j : set number that ith block is direct-mapped to
j = i MOD (number of sets in cache)
j = i % 2c-b-k
It is exactly the way we mapped blocks to lines in direct mapping.
Consider a 4-way set-associative cache of size 8MB. The size of the main memory is 32GB. The size of each main memory block is 4KB. The memory is byte addressable.
Our goal is to find
- Number of bits in word offset field
- Number of bits in set number field
- Number of bits in tag field
- Block number of address 0xAF008740
- Set number of address 0xAF008740
- Tag number of address 0xAF008740
Main Memory = 32GB = 235
Cache Size = 8MB = 223
Block Size = 4KB = 212
The number of bits in the word offset field is nothing but the number of bits to identify each byte in a block. Since the size of the block 212 bytes, the number of bits to identify each byte is 12.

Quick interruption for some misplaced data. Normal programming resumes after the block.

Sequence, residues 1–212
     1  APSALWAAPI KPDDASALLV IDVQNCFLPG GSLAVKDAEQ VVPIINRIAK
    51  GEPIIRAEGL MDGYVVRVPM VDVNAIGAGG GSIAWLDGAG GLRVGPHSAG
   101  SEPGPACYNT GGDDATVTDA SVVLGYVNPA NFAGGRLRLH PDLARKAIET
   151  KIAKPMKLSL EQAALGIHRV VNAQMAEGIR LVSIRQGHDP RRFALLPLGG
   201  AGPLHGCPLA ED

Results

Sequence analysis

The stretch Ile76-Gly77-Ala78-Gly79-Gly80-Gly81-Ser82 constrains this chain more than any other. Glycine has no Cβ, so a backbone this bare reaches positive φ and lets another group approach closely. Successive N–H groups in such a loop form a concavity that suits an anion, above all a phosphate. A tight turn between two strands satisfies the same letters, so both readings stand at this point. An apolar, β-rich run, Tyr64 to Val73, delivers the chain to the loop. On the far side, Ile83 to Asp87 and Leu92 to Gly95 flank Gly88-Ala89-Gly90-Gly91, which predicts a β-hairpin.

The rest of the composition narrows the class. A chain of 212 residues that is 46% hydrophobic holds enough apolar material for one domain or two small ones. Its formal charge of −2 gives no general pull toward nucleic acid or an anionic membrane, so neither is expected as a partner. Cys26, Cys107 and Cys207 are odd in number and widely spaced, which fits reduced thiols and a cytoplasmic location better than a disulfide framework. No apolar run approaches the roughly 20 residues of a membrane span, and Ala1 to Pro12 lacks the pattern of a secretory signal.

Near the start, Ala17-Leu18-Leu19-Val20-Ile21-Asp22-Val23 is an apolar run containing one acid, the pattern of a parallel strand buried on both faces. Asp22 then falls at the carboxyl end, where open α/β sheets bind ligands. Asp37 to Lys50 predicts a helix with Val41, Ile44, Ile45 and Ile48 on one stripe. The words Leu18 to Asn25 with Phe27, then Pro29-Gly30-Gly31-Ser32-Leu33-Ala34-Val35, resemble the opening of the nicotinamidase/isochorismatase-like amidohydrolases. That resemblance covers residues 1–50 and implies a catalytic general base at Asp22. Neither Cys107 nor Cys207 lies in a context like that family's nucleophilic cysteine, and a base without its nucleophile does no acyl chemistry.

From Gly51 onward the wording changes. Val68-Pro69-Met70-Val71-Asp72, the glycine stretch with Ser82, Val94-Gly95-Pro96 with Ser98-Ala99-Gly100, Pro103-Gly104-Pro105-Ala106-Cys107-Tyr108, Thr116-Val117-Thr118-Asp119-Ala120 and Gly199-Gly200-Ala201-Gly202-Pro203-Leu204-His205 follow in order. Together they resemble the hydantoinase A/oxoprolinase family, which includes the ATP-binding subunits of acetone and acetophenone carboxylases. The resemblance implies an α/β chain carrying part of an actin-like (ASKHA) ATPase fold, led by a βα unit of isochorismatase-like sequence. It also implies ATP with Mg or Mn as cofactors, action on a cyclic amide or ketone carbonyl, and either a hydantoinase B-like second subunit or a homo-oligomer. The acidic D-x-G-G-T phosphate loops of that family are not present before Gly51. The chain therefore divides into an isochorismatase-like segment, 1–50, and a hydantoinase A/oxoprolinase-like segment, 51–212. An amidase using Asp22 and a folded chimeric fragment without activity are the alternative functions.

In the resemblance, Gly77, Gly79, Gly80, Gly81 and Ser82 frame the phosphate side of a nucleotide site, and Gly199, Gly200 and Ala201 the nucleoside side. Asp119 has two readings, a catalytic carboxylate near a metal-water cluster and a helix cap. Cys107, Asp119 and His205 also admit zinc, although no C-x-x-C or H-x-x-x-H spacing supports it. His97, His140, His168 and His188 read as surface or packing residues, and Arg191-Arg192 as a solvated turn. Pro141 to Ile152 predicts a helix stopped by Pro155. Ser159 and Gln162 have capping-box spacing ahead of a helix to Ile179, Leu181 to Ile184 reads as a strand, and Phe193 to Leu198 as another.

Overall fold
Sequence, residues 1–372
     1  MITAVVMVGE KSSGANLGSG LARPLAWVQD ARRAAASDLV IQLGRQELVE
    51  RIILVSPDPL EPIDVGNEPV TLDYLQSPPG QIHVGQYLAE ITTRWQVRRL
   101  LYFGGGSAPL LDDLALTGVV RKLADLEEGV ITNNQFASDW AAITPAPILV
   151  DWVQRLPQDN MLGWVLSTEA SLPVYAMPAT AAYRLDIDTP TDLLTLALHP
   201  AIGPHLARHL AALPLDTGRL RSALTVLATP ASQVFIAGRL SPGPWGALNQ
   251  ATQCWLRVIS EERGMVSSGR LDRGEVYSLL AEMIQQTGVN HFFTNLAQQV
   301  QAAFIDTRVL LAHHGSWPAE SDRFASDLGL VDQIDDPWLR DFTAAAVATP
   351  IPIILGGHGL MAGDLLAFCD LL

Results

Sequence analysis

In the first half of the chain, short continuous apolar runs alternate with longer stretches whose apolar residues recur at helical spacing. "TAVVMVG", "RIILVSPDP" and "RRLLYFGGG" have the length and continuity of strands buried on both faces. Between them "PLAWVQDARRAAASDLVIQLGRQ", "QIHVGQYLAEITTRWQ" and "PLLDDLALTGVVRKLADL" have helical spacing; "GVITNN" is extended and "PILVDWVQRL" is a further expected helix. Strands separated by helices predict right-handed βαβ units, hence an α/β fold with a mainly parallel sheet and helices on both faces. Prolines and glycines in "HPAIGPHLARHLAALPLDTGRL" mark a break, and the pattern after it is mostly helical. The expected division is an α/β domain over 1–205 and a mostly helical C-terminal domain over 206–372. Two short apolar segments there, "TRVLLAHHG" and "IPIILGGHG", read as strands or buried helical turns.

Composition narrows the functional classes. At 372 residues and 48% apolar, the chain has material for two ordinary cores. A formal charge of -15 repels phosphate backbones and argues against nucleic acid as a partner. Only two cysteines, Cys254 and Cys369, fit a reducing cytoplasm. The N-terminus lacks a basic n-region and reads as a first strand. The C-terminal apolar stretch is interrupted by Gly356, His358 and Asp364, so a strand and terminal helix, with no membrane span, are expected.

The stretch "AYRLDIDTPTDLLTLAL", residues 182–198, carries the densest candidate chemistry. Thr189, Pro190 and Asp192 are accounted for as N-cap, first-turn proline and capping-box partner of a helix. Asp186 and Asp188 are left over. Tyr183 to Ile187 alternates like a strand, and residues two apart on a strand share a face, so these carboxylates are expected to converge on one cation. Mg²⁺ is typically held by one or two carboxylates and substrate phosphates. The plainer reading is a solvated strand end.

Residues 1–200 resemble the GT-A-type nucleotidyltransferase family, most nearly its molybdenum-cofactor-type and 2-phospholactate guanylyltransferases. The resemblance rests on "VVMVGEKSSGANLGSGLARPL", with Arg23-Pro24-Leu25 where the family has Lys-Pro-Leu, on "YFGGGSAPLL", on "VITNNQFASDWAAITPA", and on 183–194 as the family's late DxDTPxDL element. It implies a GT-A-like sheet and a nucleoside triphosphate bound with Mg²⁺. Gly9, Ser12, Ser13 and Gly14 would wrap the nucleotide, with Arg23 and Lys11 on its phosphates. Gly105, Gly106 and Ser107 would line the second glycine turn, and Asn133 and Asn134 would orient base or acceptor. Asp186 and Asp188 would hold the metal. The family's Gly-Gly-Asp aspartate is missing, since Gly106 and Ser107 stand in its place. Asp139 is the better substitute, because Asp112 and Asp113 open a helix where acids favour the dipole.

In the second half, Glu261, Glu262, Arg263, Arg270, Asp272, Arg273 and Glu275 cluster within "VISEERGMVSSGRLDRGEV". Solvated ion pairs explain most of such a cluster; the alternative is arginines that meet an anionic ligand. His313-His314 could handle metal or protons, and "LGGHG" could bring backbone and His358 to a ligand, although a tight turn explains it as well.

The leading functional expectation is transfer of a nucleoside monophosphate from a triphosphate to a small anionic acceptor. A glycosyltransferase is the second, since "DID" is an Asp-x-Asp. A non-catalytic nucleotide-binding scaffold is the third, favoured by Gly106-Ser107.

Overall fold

Number of bits in word offset field = 12
The number of bits in the set field is nothing but the number of bits to identify each set in the cache.
Number of sets in cache = Cache Size / Block Size = 211
Number of bits in set field = 11
We can calculate the tag bits by simply substracting set number bits and word offset bits from main memory address.
Number of tag bits = 32 – 11 – 12 = 9
We need to find block number of 0xAF008740. The ‘0x’ is the beginning denotes that the address is in hexadecimal format.
Block number is obtained by removing the word offset from the address. We have to remove the 12 least significant bits from the address to obtain block number.
Block number = 0xAF008
We need to find to which set 0xAF008740 is mapped to. First, we will convert it to binary
Address in binary = 10101111000000001000011101000000
The least significant 12 bits are used for word offset, so we can ignore them. The next 11 bits are used for set number.
Set number = 00000001000 = 8
The most significant 9 bits are used for tag bits.
Tag number = 101011110 = 850
- On increasing the block size, the word offset increases, the set number bits decreases and the number of tag bits remains the same.
- On increasing the cache size, the number of set bits increases but the tag bits and word offset remain the same.
- On increasing the main memory size, the tag bits increases, the set bits, and the word offset remain the same.